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Is extraction bad? Encomienda and Development in Colombia since 1560

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dc.description.abstract We explore the impact of encomienda, a forced-labor institution imposed by the Spanish throughout Latin America during three centuries, on long-term development outcomes in Colombia. Despite being a classically extractive institution, municipalities that had encomiendas in 1560 have higher development indicators than otherwise-similar, neighboring municipalities without. Encomienda is associated with higher municipal GDP/capita, lower poverty ad infant mortality, and higher secondary school enrolments today. Further probing implies a mechanism by which encomiendas founded the local state of colonial territories they dominated. This stronger local state persisted through Colombia's war of independence and the chronic instability of the early republic. It mobilized resources and invested in public goods in ways that initially suited encomenderos, but over long periods of time also spurred economic and human development. Our results highlight the benefits of disaggregating "institutions", and of pushing analysis to the subnational level. en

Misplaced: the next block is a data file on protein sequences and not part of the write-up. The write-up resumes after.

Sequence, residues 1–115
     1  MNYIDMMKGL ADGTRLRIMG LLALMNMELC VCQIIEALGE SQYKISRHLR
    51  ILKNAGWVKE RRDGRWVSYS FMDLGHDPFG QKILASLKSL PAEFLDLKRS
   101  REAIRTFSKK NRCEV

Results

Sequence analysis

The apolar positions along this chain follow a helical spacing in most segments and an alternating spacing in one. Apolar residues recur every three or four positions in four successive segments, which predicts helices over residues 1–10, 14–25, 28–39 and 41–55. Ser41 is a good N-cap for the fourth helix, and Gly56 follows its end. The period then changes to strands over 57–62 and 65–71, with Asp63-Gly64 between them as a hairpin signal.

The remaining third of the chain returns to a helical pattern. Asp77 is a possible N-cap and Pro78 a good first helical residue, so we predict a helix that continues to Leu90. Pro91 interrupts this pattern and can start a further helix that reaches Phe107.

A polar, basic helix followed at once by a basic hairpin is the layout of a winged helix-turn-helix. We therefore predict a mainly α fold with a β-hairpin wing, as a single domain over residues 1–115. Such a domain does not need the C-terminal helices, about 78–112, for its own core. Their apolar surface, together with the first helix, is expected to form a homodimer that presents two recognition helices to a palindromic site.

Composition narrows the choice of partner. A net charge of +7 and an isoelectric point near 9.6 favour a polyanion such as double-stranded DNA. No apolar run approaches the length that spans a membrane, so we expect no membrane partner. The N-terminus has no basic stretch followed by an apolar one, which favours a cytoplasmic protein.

dc.title Is extraction bad? Encomienda and Development in Colombia since 1560 en
dc.contributor.author Faguet, Jean-Paul
dc.contributor.author Matajira, Camilo
dc.contributor.author Sanchez, Fabio
dc.date.accessioned 2018-02-13T19:48:01Z
dc.date.available 2018-02-13T19:48:01Z
dc.date.issued 2018-02-13
dc.identifier.uri http://lacer.lacea.org/handle/123456789/64530
lacea.language.supported en
dc.description Working paper
dc.language.iso en
dc.subject Encomienda
dc.subject Forced Labor
dc.subject Colombia
dc.subject State Capacity
dc.subject Extraction
dc.subject Development
dc.subject Colonialism
dc.type Working Paper


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